Court holds contract is not a "contract for employment;" interprets to suit employer
In Griffin v. Botsford Hospital, the Plaintiff sued her employer after she was discharged from employment. She argued that the Defendant should not be able to enforce a dramatically shortened (180 day) statute of limitations contained in the Defendant Hospital's employment application. Athough the Hospital-drafted document asserted that "nothing in this application may be construed as a contract between the Botsford Health Care Continuum or its affiliates and myself, for either employment or the provision of any benefits..." the Court held that the 180-day statute of limitations within it could still be enforced as a contract between employer and employee!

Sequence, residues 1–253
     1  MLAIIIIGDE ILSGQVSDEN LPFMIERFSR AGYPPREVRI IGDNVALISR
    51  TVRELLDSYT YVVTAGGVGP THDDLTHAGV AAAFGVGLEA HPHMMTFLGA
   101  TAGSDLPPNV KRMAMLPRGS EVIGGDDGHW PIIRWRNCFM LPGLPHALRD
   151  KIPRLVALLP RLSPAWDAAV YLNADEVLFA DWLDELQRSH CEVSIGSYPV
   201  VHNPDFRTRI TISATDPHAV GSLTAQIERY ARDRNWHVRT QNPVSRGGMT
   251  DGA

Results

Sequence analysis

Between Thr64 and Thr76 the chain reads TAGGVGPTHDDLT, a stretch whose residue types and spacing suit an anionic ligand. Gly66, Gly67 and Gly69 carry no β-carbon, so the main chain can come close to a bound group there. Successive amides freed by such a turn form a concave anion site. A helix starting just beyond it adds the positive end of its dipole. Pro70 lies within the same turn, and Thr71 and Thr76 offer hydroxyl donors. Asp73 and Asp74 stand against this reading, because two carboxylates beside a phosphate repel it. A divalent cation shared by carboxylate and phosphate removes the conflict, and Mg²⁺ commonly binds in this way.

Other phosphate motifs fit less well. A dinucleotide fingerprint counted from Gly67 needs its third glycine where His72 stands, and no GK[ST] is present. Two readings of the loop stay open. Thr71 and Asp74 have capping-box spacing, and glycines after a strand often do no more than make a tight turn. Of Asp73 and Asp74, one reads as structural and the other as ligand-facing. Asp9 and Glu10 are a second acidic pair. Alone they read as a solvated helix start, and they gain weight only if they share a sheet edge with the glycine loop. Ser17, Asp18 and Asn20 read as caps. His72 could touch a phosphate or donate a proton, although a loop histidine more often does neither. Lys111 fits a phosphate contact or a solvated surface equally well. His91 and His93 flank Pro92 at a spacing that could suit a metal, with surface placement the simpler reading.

The Court also held that the later offer of employment which "contains the entire offer to you and supersedes any other discussions you may have had with us" did not, in fact, supersede the shortened statute of limitations contained in the employment application. Sadly, this is what passes for even-handed justice when Chamber of Commerce/insurance company/Republican-identified judges take the bench.
Write up a one-sided "contract" that favors the company, force prospective employees to give up their rights to be considered for a job, pick and choose the items the company wants to maintain in force, and the little guy be damned.